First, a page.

Loose US Monetary Policy ‘Undermines the Value of Money,’ GOP Congressman Says

October 28, 2020 Updated: October 30, 2020

Rep. Warren Davidson (R-Ohio), the co-chairman of the Congressional Sound Money Caucus, is warning that the Federal Reserve’s policy of low interest rates carries the risk of debasing the dollar and “undermines the value of money.”

Davidson, in an interview with The Epoch Times’ “American Thought Leaders” program, also said that loose monetary policy fuels the disconnect between people who have a large part of their net worth in marketable securities, and ordinary workers with limited exposure to markets, or “people whose only recourse to wealth is labor.”

“As the monetary supply is increased, liquidity on Wall Street has increased massively,” Davidson said, adding that the benefits of artificially low interest rates effectively bypass many Americans.

“Where’s the return showing up? It’s showing up in the structured credit market, where people with access to that market, large hedge funds mostly, can trade intraday, and they get yield that isn’t available to retail investors, that isn’t available to retirees and savers,” Davidson said. He added that easy money policies effectively lock “mainstream, everyday Americans out of that access, unless they happen to have their net worth tied up in marketable securities in large funds.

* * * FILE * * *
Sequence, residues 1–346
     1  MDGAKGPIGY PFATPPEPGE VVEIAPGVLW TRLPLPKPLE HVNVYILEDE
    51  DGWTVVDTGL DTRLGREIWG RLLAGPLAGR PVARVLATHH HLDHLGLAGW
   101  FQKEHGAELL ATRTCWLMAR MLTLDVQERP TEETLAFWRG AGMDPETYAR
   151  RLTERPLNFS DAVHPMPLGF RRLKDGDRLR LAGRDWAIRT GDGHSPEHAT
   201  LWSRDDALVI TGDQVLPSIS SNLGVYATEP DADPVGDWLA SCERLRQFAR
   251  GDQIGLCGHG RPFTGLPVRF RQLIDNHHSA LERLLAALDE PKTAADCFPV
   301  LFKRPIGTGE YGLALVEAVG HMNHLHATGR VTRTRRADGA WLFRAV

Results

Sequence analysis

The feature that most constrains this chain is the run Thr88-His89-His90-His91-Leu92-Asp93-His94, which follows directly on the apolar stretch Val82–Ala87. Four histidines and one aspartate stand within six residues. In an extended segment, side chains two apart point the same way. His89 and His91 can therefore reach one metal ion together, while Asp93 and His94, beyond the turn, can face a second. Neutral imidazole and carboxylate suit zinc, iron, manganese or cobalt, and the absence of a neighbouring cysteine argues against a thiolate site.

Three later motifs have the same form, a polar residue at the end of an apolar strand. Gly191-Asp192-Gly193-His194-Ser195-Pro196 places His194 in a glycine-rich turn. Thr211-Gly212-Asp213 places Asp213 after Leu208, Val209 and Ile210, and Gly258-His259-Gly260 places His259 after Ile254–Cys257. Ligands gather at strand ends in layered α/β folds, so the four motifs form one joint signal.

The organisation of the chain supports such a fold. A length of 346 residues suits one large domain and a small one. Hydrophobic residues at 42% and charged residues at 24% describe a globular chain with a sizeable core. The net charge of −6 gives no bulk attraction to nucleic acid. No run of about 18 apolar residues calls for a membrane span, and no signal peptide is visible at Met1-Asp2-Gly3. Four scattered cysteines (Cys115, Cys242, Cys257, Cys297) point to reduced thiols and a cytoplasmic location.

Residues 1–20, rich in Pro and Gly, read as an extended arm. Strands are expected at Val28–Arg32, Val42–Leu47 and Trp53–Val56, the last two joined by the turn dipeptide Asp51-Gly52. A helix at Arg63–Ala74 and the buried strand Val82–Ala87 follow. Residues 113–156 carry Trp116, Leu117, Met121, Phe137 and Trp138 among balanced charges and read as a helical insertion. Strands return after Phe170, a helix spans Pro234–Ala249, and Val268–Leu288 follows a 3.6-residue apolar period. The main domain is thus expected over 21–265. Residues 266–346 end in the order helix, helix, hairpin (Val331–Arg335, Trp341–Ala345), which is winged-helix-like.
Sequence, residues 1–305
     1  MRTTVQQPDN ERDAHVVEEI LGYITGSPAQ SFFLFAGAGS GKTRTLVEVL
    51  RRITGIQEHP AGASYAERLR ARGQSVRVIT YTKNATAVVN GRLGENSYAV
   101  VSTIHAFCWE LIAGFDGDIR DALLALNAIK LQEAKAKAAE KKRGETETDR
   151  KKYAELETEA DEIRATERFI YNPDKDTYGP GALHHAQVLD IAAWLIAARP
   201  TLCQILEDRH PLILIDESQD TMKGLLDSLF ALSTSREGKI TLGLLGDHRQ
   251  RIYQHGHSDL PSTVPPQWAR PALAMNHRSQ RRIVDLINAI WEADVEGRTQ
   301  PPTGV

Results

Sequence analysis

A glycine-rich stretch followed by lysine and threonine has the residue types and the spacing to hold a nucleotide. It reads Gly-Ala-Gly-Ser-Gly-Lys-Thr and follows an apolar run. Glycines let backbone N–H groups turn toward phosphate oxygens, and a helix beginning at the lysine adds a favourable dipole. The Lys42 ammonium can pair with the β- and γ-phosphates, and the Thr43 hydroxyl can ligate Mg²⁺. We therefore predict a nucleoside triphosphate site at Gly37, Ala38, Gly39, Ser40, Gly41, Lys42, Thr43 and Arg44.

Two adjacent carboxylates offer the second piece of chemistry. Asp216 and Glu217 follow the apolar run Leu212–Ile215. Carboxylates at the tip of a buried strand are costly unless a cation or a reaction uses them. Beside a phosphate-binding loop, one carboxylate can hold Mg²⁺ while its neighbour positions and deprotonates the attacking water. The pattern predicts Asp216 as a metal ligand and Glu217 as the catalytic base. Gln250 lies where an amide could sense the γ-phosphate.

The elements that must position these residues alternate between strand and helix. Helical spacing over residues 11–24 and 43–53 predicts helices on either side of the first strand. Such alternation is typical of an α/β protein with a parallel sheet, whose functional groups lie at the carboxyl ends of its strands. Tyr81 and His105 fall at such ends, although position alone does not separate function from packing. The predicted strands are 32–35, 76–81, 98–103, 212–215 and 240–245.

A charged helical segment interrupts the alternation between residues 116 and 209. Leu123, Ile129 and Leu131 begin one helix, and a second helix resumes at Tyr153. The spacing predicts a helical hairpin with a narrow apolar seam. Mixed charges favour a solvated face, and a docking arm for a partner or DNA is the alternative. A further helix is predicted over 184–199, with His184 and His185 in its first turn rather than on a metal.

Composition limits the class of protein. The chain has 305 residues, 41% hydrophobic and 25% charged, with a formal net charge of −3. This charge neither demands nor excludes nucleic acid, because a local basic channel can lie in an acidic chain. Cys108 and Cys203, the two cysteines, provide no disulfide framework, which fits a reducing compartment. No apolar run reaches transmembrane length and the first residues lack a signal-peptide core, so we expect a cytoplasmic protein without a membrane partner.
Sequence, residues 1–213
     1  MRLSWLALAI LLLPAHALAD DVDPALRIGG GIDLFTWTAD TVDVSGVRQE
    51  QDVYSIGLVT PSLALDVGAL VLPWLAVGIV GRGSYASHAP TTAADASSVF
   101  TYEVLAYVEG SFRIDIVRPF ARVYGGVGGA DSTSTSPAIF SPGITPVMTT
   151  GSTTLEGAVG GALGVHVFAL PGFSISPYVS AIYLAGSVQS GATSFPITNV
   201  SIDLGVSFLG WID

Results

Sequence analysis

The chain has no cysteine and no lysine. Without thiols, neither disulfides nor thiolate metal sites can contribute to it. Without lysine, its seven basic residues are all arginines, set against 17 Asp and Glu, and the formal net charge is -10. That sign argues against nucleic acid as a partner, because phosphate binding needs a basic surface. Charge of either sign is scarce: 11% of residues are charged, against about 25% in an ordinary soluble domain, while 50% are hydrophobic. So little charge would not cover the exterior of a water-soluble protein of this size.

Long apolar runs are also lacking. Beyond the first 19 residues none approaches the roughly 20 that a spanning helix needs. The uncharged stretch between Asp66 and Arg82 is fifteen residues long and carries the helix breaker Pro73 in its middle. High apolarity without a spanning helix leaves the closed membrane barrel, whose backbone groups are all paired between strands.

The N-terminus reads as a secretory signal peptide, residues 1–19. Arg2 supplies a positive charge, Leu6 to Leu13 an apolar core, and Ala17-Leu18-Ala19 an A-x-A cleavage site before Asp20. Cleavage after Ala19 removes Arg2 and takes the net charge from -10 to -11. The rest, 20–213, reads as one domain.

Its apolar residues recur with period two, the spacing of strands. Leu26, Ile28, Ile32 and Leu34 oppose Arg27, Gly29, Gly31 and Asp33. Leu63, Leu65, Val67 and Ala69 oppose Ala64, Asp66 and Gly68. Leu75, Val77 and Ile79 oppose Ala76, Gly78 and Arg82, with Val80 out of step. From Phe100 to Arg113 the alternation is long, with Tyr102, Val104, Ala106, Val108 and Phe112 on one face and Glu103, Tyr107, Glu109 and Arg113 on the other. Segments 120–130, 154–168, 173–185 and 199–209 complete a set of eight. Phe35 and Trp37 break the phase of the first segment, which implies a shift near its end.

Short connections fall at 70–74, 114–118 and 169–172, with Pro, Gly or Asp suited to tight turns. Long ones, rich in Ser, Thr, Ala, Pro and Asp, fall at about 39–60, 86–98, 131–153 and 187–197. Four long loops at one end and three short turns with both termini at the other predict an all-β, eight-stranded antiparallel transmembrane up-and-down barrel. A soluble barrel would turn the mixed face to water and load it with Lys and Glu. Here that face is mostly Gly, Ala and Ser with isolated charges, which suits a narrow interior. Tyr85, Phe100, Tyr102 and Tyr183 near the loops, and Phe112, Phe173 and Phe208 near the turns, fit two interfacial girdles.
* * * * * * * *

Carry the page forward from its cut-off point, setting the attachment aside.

“The bottom line is that the Federal Reserve, enabled by Congress, is printing money and it undermines the value of your money,” he said. “If you’ve got your wealth in cash, that cash is being destroyed by printed money,” which he called a “hidden tax.”

Davidson said the solution is to “work toward sound money,” by way of a monetary system that addresses current deficits.

“You can’t inflate your way out of this,” he said, referring to the notion that the effects of massive deficits and public debt can be overcome by printing money.

The Federal Reserve flooded the markets with liquidity in response to the CCP (Chinese Communist Party) virus outbreak and said interest rates would stay near zero for the foreseeable future. Besides undermining the value of money as a store of wealth, loose monetary policies also put pressure on profits for banks and other institutions.

On Oct. 28, CME Group, the world’s largest futures exchange operator, said third-quarter profits plunged 35 percent as the ultra-low interest rate environment cut demand for some of its top products.

In a statement announcing the establishment of the Sound Money Caucus, which is co-chaired by Rep. Andy Barr (R-Ky.), Davidson said “monetary policy, especially since the 2008 financial crisis, coupled with the recent federal fiscal response to coronavirus, has inflated asset prices, contributed to the wealth gap, and weakened the U.S. dollar as a store of value.”

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